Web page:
CircuitPython Code

Getting familiar with CircuitPython

CircuitPython is a programming language based on Python, one of the fastest growing programming languages in the world. It is specifically designed to simplify experimenting and learning to code on low-cost microcontroller boards.

CircuitPython is easiest to use within the Mu Editor. If you haven't previously used Mu, this guide will get you started.

Preparing your Board

To get your Circuit Playground Express set up to run this code, follow these steps:

1) Install the latest CircuitPython for CPX from CircuitPython.org. For this guide, please use version 4.0.0 or greater. Version 3.1.2 is not as efficient on memory and may give an error.

2) Get the latest library pack, unzip it, and drag the library folder adafruit_motor over into the /lib folder on CIRCUITPY. If there is no lib directory, create one to put the file into. (More info on installing libraries, read information here.)

Uploading

Make sure you've connected the Circuit Playground Express to your computer (mac/PC/Linux) via a known good USB A to micro-B cable. Your board should show up as a flash disk drive named CIRCUITPY (If you see a disk name CPLAYBOOT, try pressing the reset button again. If the only drive name you get is named CPLAYBOOT, CircuitPython may not be loaded on the board. You can load CircuitPython as per this guide).

Once your board is connected, copy code.py from the window below. You can select Download in the upper left tp save the code onto your computer.

# CircuitPython code for the Gyroscopic Marble Maze
# Adafruit Industries, 2019. MIT License
import time
import board
import pulseio
from adafruit_motor import servo
import simpleio
from adafruit_circuitplayground.express import cpx

# create a PWMOut object on Pin A2.
pwm1 = pulseio.PWMOut(board.A1, duty_cycle=2 ** 15, frequency=50)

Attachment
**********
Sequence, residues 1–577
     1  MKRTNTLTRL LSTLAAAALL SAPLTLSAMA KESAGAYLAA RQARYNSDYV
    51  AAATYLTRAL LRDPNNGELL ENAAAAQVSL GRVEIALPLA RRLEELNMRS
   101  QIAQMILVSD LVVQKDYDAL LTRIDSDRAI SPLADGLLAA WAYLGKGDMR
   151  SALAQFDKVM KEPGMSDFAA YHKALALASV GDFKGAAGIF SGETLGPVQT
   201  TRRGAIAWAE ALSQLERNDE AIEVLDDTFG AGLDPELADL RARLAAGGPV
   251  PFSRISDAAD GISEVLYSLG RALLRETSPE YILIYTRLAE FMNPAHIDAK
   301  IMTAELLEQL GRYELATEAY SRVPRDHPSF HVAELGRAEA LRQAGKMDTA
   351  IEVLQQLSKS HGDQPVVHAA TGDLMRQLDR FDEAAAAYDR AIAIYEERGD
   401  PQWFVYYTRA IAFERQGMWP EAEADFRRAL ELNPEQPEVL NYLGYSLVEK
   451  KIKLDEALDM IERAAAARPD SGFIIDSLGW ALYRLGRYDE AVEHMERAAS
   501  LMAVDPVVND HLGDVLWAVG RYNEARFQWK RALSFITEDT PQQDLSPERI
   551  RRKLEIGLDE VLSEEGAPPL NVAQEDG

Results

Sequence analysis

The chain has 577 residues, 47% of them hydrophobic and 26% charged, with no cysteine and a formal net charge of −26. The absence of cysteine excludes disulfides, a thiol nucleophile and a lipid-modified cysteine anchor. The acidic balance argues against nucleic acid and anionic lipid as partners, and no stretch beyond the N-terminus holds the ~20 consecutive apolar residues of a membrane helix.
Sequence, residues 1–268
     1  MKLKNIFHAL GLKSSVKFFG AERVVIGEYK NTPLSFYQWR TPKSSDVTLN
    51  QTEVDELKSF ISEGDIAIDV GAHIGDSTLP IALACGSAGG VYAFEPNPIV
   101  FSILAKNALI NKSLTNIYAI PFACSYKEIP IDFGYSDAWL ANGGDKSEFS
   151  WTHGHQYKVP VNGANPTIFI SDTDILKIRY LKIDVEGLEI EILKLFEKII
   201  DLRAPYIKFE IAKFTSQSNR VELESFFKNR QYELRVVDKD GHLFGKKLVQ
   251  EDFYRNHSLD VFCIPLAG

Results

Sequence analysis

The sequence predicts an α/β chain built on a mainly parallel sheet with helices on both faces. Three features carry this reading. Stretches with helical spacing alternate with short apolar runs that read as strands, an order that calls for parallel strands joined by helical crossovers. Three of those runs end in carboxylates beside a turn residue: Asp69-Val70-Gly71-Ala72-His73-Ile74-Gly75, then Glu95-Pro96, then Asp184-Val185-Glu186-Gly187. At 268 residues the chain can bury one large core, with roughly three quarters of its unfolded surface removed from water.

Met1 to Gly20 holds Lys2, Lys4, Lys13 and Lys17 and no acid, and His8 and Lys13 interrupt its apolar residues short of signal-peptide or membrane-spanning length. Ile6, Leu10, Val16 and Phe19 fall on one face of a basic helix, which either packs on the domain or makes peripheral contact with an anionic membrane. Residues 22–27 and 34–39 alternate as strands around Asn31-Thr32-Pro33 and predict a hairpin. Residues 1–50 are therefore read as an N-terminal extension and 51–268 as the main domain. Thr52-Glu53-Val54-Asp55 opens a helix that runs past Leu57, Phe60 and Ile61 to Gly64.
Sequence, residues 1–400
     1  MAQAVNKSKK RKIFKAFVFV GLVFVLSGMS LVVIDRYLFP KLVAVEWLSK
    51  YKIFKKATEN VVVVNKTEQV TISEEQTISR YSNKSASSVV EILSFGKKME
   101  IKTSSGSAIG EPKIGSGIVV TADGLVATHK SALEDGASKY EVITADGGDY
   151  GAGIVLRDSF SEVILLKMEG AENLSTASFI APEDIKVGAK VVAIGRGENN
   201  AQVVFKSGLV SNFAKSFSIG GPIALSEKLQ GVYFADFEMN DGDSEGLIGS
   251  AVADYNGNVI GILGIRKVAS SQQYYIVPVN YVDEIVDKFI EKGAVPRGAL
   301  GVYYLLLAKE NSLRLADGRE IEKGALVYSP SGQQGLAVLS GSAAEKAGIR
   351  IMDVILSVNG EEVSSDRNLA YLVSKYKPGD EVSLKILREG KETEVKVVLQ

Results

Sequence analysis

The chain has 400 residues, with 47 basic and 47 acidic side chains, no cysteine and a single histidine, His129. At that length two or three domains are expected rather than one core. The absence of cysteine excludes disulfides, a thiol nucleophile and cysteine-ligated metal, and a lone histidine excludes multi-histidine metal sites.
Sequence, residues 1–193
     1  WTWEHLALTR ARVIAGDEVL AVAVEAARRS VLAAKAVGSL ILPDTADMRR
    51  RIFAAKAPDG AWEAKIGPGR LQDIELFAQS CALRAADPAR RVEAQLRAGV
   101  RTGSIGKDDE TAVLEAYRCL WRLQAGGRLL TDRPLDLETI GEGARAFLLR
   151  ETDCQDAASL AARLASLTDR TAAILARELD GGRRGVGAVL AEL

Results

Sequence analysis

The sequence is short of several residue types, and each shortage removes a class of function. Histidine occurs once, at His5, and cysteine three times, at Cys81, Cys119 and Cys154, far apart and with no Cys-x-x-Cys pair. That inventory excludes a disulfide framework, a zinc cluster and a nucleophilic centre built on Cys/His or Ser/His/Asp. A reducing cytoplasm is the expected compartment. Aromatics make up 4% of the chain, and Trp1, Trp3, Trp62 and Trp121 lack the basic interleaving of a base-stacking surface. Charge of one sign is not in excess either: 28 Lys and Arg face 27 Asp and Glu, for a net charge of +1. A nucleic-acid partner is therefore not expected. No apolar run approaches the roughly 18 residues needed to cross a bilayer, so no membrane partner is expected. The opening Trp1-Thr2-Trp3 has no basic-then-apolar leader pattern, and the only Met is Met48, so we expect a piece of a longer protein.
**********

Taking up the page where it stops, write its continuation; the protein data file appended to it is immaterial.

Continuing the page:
pwm2 = pulseio.PWMOut(board.A2, duty_cycle=2 ** 15, frequency=50)

# Create a servo object, my_servo.
my_servo1 = servo.Servo(pwm1)
my_servo2 = servo.Servo(pwm2)

NUM_READINGS = 8
roll_readings = [90] * NUM_READINGS
pitch_readings = [90] * NUM_READINGS

def Average(lst):
    return sum(lst) / len(lst)

while True:
    x, y, z = cpx.acceleration  # x = green
    print((x, y, z))

    roll = simpleio.map_range(x, -9.8, 9.8, 0, 180)
    roll_readings = roll_readings[1:]
    roll_readings.append(roll)
    roll = Average(roll_readings)

    print(roll)

    my_servo1.angle = roll

    pitch = simpleio.map_range(y, -9.8, 9.8, 0, 180)
    pitch_readings = pitch_readings[1:]
    pitch_readings.append(pitch)
    pitch = Average(pitch_readings)

    print(pitch)

    my_servo2.angle = pitch

    time.sleep(0.05)

Open the code up in the Mu editor. Press the Save button and your code should automatically be saved to the CIRCUITPY disk drive (which appears when the Circuit Playground Express is plugged into your computer) as code.py

Alternatively, you can use your operating system file explorer/finder to copy code.py to the CIRCUITPY drive.

The board will restart itself and start running the code.

Changing the Code

The default settings used in this code have been optimized for the particular servos used, but can be tweaked to suit your particular preferences. For example, you can increase NUM_READINGS from 8 up to 12 if you feel the maze is too jerky, or decrease it down to 2 (but not below 2) if you feel the maze is too slow to respond.

You can also update time.sleep from 0.05 to something like 0.20 to make the movement of the servos smoother.

Once your code is uploaded to Circuit Playground Express you can connect some motors to your board and see what this code does! Read on...

This guide was first published on Jun 24, 2019. It was last updated on Jun 24, 2019. This page (CircuitPython Code) was last updated on Jan 27, 2020.